For this post, I assumed that families would spend $1,000 per person to get to and from Athens from the U.S., and then another $300 total on a one-way domestic flight back to Athens from Crete for all four family members.
Total airfare cost: $4,300
Accommodations Costs in Greece
In order to estimate accommodation costs, I allocated two nights in Athens at the start of the trip, two nights in Mykonos, two nights in romantic Santorini, five nights in Crete, and then a final night back in Athens before your return journey back to the United States.
If you don’t have two weeks to enjoy Greece, or you need to cut costs, there are many ways to adjust this itinerary. For example, if beach isn’t a big priority, you could skip Crete or opt for a few days on the island of Naxos or Paros instead of Crete (they are much closer to Athens and much cheaper then Santorini or Mykonos).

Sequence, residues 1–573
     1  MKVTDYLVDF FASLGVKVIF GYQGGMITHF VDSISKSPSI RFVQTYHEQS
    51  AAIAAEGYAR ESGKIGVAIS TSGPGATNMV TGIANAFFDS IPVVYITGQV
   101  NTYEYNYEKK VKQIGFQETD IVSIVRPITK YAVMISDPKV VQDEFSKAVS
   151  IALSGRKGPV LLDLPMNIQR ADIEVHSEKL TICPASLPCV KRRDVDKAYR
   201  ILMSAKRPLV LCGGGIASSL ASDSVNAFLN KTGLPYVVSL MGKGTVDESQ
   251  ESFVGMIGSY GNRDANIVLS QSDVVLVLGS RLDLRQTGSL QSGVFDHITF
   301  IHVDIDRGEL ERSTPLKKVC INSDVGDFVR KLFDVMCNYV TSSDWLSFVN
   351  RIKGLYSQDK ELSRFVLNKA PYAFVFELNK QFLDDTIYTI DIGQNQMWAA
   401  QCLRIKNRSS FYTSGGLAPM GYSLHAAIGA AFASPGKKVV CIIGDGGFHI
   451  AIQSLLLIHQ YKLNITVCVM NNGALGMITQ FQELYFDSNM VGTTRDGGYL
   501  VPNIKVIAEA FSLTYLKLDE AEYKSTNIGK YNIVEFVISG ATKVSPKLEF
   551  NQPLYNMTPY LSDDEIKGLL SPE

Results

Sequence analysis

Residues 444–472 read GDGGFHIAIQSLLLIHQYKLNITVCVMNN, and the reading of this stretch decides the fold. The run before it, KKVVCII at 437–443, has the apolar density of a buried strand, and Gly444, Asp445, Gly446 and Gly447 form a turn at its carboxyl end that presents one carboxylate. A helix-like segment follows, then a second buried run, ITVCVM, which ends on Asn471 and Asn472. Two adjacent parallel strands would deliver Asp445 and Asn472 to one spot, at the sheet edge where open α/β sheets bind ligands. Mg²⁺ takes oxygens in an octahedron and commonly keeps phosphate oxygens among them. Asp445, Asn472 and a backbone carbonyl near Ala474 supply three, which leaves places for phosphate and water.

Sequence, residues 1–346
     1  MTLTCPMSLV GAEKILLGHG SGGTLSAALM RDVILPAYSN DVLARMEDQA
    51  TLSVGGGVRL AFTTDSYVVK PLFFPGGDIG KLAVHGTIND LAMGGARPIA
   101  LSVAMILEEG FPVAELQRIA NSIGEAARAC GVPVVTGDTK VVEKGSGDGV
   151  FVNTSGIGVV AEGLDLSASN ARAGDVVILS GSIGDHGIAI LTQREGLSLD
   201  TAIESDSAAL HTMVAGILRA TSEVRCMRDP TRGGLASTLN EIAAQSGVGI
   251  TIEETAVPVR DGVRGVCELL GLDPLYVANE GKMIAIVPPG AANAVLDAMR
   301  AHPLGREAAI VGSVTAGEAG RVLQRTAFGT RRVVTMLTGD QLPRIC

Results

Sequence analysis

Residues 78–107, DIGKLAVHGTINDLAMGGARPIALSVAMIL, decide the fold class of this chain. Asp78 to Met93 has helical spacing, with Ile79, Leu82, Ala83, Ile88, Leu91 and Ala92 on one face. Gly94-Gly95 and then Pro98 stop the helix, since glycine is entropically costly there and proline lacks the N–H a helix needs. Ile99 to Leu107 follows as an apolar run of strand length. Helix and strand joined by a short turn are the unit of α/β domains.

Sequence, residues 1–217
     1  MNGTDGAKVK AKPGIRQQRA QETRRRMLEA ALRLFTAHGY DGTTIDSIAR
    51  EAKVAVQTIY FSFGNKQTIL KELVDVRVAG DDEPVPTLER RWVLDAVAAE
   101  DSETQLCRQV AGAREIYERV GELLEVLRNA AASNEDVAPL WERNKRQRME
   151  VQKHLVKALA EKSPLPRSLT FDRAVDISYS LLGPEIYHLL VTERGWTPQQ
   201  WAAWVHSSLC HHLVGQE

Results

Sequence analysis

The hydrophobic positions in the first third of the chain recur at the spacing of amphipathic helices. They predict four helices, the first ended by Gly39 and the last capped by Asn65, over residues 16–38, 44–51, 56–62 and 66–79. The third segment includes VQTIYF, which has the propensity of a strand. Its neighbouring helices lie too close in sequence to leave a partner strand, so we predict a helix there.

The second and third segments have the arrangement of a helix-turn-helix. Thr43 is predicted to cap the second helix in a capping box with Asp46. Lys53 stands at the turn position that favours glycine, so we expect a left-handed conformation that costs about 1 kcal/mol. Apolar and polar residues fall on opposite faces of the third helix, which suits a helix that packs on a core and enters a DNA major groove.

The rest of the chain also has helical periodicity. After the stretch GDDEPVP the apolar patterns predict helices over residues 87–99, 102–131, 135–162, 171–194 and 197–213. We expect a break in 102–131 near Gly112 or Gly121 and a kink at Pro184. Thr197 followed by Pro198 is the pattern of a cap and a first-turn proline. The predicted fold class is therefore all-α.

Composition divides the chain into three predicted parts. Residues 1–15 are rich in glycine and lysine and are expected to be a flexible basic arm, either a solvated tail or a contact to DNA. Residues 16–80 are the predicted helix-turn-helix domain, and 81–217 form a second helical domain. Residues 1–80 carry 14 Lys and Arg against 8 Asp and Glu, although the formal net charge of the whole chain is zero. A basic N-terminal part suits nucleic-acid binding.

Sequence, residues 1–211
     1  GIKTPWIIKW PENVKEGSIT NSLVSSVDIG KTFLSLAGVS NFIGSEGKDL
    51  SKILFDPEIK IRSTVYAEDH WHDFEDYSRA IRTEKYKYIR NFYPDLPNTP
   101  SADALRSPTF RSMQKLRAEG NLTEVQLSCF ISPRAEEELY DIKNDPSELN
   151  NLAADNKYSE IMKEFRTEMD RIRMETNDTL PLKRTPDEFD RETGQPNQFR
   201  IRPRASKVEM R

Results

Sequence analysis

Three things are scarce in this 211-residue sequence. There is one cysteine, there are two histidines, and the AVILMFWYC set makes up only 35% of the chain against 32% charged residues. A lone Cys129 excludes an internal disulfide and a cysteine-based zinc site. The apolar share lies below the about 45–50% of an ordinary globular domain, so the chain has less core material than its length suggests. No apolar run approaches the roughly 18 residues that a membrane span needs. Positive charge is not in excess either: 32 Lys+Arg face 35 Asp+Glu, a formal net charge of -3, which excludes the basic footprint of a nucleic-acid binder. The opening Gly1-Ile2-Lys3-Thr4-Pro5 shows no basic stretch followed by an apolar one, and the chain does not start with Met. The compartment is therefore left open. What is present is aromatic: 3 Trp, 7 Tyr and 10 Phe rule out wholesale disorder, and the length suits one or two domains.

Alternatively, if spending time on the beach and enjoying views of the Aegean Sea is your top priority when planning your trip, then consider simplifying your itinerary by only visiting Athens plus one of the islands in Greece, instead of spending time island hopping around to different locations.
In Athens, expect to pay $700 or more per night for a room that can sleep four people comfortably at a 5-star property in the summer such as the Hotel Grand Bretagne. Pro tip: we used Marriott Bonvoy points to book a night at the Hotel Grand Bretagne.
More basic 4-star accommodation is around $300-500 per night for a family room. vrbo options or budget hotels often price out under $200 per night, but do choose neighborhoods carefully to ensure you are in a safe area convenient for sightseeing.
Mykonos is one of the most expensive destinations in Greece, especially when it comes to accommodation. Five-star properties are easily $1,000 or more per night in the summer.